The Blog Formerly Known As Practical Paralegalism
You’d probably have to be living under a rock not to have heard of the “DREAM Act”. It isn’t actually law as of the date of this post but only a proposed congressional bill to provide conditional lawful residency to the undocumented children of illegal immigrants. But it is a particularly amusing question to ask when you’re calling an immigration attorney’s office.
The answer is, “Yes, I have heard of deferred action for childhood arrivals almost every single hour of every single day since President Obama announced on June 15, 2012 that his administration would stop deporting young illegal immigrants who can show they meet certain guidelines.” It is an exciting time for many undocumented young people who came to this country with their parents and have grown up here. My supervising attorney, Helen Parsonage, has been providing constant updates for DREAMers at the D.R.E.A.M.ers Info page she created on Facebook, and has volunteered her time to speak to a number of local groups about the anticipated procedure.
If you or someone you know may qualify for deferred action, make sure you do your homework when selecting an immigration attorney. Even the U.S. Citizenship and Immigration Services (USCIS) is warning people to beware of scams, especially promises from individuals who promise they can speed up the process for a large fee. It is a good sign if an immigration attorney asks to meet with you to discuss your individual circumstances before quoting a fee, because everyone’s situation is different. The American Immigration Lawyers Association published a post earlier this month at the AILA Leadership Blog, answering the question “Do DREAMers really need a lawyer?”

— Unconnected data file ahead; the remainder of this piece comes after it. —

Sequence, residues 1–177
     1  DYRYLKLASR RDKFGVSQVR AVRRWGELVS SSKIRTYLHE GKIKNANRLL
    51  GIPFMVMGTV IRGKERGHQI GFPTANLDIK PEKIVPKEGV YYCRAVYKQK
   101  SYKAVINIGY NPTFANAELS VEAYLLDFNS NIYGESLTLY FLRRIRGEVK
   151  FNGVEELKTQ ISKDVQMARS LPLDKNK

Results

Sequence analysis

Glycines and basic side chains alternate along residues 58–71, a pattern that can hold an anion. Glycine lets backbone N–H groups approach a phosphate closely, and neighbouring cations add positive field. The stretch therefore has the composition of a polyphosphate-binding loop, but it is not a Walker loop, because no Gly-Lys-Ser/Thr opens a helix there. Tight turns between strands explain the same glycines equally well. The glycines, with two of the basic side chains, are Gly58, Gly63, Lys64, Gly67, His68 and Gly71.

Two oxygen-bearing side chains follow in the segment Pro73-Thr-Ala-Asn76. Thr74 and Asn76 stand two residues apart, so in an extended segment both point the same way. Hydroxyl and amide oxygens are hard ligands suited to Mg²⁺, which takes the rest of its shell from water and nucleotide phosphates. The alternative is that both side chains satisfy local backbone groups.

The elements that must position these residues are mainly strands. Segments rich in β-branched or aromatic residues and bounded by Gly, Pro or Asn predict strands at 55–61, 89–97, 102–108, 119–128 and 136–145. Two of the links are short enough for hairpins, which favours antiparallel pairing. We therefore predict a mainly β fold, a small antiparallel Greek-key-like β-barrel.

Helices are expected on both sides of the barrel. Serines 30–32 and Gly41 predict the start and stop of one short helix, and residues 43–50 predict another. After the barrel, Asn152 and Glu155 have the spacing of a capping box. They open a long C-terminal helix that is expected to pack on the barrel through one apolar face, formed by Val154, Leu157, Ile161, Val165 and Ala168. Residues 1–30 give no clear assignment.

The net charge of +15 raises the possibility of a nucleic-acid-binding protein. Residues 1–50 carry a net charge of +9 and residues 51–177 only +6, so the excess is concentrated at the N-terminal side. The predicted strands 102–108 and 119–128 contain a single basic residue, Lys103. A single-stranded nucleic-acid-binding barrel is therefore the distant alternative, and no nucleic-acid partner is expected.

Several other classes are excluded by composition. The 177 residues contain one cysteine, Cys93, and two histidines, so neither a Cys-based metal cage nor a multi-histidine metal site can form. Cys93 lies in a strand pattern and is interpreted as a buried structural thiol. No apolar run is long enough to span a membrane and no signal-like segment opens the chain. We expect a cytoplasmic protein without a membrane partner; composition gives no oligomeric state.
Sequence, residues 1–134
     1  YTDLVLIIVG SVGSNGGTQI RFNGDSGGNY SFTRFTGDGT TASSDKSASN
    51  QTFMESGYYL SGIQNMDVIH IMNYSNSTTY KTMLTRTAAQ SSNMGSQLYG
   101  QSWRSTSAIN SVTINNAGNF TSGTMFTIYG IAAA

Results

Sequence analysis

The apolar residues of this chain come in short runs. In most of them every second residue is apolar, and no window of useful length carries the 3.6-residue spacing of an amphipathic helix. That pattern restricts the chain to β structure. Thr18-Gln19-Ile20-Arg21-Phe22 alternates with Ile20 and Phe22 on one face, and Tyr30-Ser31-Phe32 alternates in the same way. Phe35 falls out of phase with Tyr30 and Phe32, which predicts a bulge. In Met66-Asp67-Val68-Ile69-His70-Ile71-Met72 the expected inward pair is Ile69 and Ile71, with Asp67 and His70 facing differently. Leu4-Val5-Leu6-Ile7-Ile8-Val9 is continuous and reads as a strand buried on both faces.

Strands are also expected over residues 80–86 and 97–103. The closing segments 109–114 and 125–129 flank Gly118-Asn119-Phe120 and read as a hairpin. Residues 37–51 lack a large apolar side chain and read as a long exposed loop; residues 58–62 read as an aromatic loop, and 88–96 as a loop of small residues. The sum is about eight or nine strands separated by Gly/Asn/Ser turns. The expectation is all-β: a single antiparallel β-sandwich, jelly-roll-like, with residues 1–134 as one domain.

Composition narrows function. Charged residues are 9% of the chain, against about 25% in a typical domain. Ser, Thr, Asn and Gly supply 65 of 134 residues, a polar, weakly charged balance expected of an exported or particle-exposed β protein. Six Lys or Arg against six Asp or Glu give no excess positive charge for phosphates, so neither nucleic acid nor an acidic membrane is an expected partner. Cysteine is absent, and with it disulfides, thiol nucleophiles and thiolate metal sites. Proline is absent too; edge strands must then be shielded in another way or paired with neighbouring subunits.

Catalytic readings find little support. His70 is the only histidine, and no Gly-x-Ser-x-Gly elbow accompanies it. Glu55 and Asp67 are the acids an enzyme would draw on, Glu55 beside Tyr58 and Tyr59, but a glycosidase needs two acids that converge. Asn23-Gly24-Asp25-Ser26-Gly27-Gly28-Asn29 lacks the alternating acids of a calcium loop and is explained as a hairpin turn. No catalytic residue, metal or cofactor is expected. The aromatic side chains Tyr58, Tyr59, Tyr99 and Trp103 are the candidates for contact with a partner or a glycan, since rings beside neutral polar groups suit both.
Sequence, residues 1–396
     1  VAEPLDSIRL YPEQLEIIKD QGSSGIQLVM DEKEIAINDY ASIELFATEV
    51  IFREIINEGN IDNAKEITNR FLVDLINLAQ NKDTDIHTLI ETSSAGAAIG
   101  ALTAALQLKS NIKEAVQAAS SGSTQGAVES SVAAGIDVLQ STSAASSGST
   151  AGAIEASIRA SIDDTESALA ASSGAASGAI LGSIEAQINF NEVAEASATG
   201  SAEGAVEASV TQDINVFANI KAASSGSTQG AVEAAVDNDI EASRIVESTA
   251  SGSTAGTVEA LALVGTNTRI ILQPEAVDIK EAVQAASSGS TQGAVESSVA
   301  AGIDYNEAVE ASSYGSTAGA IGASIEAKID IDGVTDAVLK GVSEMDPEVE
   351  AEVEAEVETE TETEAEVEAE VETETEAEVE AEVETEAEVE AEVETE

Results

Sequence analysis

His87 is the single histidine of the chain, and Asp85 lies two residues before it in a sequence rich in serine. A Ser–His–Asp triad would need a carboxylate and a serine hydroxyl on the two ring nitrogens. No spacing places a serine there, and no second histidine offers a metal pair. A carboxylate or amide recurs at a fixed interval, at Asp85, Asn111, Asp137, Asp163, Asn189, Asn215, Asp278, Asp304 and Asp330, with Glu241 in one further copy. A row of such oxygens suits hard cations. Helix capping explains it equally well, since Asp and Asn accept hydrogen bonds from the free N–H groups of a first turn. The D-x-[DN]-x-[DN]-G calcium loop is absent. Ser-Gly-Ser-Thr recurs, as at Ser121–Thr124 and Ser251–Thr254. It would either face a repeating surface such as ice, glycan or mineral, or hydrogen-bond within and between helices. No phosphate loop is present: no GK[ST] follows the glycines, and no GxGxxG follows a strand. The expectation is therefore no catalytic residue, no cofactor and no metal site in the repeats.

So our phone has been ringing off the hook since the deferred action relief was first announced, and it’s truly been a pleasure to talk to many promising and articulate young people who’ve led similar lives to my own children. They are understandably excited and eager to come out of the shadows and do many of the things my children take for granted, like getting drivers’ licenses and working legally.
The best part about being a paralegal for a civil rights firm is helping people. What do you like most about your job?
Please note I am not an attorney, do not give legal advice, and encourage anyone with questions about deferred action and/or other immigration issues to contact a reputable and skilled immigration attorney.